Can You Be and Artist and Still Be Joyful About Your Day Job?
The short answer is, yes. But I didn’t always think so. My god, did I hate the fact that I had to work. For *so long*, I felt oppressed at having to work in an office when I really just wanted to paint. (oh, hello there, Over-the-Top Histrionics). Yes, in a perfect world, I’d be painting all day and making enough money from my art to pay my rent. But, that isn’t working for me, not right now anyway.
So is it lazy complacency to cultivate happiness at the office when you’d really rather make a living off of your art? Does it mean you are not working on your creativity and dreams? Hell no! It is VERY possible to strive for your dreams while also embracing your current life. What I mean by “embracing your current life” is to be present and experience your life as its happening – not to miss out on everything while you fantasize about the future. If you are in a place in life where you need to work a full-time day job, at least for the time being, here are your choices: you can come to terms with the fact that you have a day job, balance your work with your art-making, and notice and experience all the good stuff that you currently have in life. Or you can be sad about it. That sadness compounds on itself. It fosters a “there’s not really a point” thinking. And that thinking in turn fosters a blocked artist getting home from work and sitting on her couch instead of being at her easel.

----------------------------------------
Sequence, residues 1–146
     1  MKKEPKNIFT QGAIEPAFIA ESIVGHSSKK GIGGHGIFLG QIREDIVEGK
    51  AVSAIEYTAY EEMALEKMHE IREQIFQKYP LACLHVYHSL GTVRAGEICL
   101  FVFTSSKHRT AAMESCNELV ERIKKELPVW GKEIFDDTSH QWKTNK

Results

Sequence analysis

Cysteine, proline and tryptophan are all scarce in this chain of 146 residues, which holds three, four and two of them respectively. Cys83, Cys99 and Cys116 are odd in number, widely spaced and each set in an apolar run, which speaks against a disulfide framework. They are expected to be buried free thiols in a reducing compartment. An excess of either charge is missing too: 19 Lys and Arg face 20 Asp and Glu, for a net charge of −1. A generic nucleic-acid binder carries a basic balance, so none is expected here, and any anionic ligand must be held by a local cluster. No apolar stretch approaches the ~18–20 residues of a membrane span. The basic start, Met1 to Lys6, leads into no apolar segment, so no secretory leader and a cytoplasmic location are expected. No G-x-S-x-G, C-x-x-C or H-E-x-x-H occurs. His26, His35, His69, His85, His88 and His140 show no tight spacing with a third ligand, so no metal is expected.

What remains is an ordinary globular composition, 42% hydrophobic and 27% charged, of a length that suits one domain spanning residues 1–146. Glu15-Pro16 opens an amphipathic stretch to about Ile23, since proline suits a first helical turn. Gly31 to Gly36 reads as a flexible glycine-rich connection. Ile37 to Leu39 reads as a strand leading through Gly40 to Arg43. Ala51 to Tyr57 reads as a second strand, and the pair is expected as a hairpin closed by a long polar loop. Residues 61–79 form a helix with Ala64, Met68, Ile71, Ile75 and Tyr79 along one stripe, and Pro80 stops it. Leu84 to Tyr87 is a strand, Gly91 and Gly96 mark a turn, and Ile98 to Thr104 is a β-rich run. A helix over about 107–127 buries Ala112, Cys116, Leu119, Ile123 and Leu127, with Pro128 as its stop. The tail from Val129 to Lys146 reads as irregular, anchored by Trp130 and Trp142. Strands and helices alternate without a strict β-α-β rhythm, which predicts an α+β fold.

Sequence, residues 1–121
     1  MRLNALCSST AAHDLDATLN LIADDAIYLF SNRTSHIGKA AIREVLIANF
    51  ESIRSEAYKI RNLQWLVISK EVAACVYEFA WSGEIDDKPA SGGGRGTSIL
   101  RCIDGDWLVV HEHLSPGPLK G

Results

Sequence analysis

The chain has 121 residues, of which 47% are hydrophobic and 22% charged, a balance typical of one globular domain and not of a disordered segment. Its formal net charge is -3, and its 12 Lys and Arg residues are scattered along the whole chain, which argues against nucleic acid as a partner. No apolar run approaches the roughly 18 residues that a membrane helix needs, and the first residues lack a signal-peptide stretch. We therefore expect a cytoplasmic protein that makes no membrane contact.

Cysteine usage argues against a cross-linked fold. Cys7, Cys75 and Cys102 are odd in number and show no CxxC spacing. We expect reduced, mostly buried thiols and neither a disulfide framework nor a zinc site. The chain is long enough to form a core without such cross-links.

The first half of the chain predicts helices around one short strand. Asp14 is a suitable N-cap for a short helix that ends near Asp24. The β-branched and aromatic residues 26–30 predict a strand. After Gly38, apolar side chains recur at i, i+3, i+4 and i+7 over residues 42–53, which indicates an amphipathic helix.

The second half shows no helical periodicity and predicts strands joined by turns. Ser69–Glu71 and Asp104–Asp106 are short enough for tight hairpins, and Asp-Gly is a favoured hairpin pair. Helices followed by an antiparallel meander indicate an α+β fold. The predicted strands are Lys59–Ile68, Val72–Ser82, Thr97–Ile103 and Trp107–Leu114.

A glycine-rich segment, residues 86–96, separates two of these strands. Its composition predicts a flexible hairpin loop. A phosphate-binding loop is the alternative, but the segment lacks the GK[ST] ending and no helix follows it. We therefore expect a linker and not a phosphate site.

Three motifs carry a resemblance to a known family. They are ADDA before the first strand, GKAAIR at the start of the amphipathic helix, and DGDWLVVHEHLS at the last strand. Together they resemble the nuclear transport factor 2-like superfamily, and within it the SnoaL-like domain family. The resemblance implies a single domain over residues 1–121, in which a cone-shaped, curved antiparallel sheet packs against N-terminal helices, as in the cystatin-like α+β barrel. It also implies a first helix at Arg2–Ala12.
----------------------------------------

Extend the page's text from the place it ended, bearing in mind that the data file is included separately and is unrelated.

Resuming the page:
The day job doesn’t have to be this awful presence in your life. I feel lucky to work in a place where I value the mission and feel valued by my employers. As a result, I *want* to do good work here. (If your day job does not do these things for you, it may be time to seek one out that does. They exist. Honest.) This is not to say I don’t have terrible days, or often wish I was painting instead of working on spreadsheets. But I am much more at peace about my life with a day job now. I understand that the job helps me paint: I use the money I make from my salary to pay for art supplies, classes, and painting retreats overseas. I find inspiration for projects in the scenes I see on my commute. I am inspired by my coworkers. In turn, the paint helps me work better at the office: I find that being creative in my own personal life sparks me to be creative about my day job. My mind tends to be more alert and creative in the office when I have art projects nestled in my consciousness. Because of this, I feel purpose in my job. This purpose and energy actually feeds my art-making energy. It creates a wonderful feedback loop. Energy and inspiration begets more energy and inspiration.
So the point is, don’t be down about your job. Be grateful for it, notice the amazing stuff all around you in the midst of your working life, and you will be inspired to make art. I am in no way saying that an artist with a day job shouldn’t make an attempt to be free of it and try make a living off of their paintings. Yes, absolutely go for it if that is what your soul is crying out for you to do. But if you need to go through a period of transition to get there, during which time you will need to work that day job, being at peace that this is the way things are FOR NOW will help you make better art and calmly develop a plan to make a living off of it down the road.